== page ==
If you need an accessible version of this item please contact JSTOR User Support

Neoliberalism, Corporatism, and Small Business Political Activism in Contemporary Mexico

Kenneth C. Shadlen
Latin American Research Review
Vol. 35, No. 2 (2000), pp. 73-106
Stable URL: http://www.jstor.org/stable/2692135
Page Count: 34
  • Download PDF
  • Cite this Item

You are not currently logged in.

Access your personal account or get JSTOR access through your library or other institution:

login

Log in to your personal account or through your institution.

If you need an accessible version of this item please contact JSTOR User Support
Neoliberalism, Corporatism, and Small Business Political Activism in Contemporary Mexico
Preview not available

Abstract

In the 1980s and 1990s, neoliberalism and changing policy-making regimes presented social actors throughout Latin America with new challenges and opportunities. This article analyzes the political strategies developed by two organizations representing small manufacturers in Mexico for responding to these sweeping economic and political changes, emphasizing the organizational bases of political activism. Strategies are assessed according to organizations' public expression of support for or opposition to economic policies, the extent to which organizations work within existing arrangements for interest representation, and the political alliances made by small business organizations and their leaders. One strategy in Mexico entailed acquiescing to radical economic policy changes, deploying significant resources to preserve a set of corporatist institutions that regulated business association, and supporting the government incumbents. Another strategy entailed voicing persistent public criticism of neoliberalism, spearheading a national campaign against business corporatism, and supporting the Center-Left opposition. Analysis of these strategies demonstrates the important effects of institutional legacies during periods of regime change. The perseverance of corporatist institutions can make it difficult for weak actors to shed old modes of activism, notwithstanding a changed array of material and political incentives.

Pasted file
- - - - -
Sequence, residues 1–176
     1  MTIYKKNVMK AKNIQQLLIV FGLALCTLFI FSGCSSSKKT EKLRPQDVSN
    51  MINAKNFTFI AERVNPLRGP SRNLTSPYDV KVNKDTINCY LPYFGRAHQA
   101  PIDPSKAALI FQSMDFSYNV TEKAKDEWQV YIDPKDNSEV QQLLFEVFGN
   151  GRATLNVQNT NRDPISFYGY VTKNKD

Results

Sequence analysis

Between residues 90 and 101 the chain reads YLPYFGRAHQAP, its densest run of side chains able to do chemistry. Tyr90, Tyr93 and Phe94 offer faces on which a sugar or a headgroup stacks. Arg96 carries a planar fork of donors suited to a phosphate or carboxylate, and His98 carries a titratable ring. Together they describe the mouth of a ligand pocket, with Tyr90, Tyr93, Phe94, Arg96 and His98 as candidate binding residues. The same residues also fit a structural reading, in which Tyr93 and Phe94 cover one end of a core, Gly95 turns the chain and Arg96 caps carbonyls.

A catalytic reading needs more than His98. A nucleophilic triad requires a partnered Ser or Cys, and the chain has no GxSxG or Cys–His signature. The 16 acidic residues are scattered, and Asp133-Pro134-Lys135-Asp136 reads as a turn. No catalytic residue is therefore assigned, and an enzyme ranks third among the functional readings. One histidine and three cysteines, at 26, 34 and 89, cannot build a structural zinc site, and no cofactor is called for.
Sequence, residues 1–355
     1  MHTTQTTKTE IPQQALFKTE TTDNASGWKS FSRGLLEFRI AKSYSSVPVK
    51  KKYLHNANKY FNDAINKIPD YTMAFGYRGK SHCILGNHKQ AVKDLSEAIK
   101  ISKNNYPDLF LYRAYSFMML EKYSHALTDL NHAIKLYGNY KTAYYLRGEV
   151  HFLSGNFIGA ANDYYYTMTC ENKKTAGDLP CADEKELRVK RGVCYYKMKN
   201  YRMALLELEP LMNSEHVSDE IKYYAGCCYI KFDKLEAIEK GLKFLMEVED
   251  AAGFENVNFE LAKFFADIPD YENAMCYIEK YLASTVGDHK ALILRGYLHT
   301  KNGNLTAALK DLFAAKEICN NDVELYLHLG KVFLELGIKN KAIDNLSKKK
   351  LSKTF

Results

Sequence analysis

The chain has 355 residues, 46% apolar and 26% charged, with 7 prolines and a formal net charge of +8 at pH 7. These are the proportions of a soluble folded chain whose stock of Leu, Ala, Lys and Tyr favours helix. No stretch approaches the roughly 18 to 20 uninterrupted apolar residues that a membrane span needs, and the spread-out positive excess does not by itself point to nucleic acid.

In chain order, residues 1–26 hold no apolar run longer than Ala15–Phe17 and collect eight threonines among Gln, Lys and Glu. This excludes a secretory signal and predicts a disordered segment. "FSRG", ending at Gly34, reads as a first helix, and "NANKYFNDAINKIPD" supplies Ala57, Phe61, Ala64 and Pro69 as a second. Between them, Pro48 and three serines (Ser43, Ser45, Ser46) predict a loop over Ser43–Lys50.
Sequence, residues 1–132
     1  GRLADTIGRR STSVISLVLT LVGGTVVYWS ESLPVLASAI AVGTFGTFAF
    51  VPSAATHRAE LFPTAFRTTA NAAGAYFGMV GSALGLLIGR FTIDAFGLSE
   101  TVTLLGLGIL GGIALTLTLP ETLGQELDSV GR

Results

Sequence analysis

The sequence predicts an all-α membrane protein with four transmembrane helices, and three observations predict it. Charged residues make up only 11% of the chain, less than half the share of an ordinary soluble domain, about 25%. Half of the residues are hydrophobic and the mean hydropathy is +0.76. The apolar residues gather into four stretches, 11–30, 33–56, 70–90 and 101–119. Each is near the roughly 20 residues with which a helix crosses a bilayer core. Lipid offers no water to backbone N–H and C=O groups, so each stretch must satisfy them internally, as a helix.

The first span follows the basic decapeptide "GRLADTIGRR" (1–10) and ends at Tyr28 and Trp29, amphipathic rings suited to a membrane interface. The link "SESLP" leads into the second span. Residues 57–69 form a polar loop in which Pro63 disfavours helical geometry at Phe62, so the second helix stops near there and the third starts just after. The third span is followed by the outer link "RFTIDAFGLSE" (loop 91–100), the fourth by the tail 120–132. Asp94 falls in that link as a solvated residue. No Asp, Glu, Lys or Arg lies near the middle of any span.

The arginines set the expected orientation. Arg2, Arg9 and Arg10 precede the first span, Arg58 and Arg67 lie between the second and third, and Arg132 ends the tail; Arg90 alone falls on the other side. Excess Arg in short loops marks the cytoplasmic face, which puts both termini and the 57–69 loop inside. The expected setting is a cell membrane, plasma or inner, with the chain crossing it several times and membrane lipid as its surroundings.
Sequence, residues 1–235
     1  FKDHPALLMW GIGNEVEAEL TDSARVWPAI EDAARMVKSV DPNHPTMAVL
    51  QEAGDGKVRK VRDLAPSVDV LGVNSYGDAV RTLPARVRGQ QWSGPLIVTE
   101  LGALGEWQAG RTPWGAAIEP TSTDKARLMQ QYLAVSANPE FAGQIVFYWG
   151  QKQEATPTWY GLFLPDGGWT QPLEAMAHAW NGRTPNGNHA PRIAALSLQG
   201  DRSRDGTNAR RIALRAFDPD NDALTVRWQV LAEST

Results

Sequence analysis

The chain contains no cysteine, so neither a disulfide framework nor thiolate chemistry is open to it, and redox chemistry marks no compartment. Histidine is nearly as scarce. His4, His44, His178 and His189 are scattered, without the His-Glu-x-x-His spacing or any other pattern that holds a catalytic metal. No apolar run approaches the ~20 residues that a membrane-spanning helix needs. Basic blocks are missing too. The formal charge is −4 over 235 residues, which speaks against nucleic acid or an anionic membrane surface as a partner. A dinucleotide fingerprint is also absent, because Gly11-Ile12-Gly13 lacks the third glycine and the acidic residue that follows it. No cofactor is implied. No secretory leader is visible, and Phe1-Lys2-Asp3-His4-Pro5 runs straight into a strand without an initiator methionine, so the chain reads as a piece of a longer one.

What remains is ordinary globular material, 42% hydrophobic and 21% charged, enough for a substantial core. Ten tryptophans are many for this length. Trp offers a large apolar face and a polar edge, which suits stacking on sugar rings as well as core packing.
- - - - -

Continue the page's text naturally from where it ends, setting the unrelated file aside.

Page Thumbnails

  • Thumbnail: Page 
73
    73
  • Thumbnail: Page 
74
    74
  • Thumbnail: Page 
75
    75
  • Thumbnail: Page 
76
    76
  • Thumbnail: Page 
77
    77
  • Thumbnail: Page 
78
    78
  • Thumbnail: Page 
79
    79
  • Thumbnail: Page 
80
    80
  • Thumbnail: Page 
81
    81
  • Thumbnail: Page 
82
    82
  • Thumbnail: Page 
83
    83
  • Thumbnail: Page 
84
    84
  • Thumbnail: Page 
85
    85
  • Thumbnail: Page 
86
    86
  • Thumbnail: Page 
87
    87
  • Thumbnail: Page 
88
    88
  • Thumbnail: Page 
89
    89
  • Thumbnail: Page 
90
    90
  • Thumbnail: Page 
91
    91
  • Thumbnail: Page 
92
    92
  • Thumbnail: Page 
93
    93
  • Thumbnail: Page 
94
    94
  • Thumbnail: Page 
95
    95
  • Thumbnail: Page 
96
    96
  • Thumbnail: Page 
97
    97
  • Thumbnail: Page 
98
    98
  • Thumbnail: Page 
99
    99
  • Thumbnail: Page 
100
    100
  • Thumbnail: Page 
101
    101
  • Thumbnail: Page 
102
    102
  • Thumbnail: Page 
103
    103
  • Thumbnail: Page 
104
    104
  • Thumbnail: Page 
105
    105
  • Thumbnail: Page 
106
    106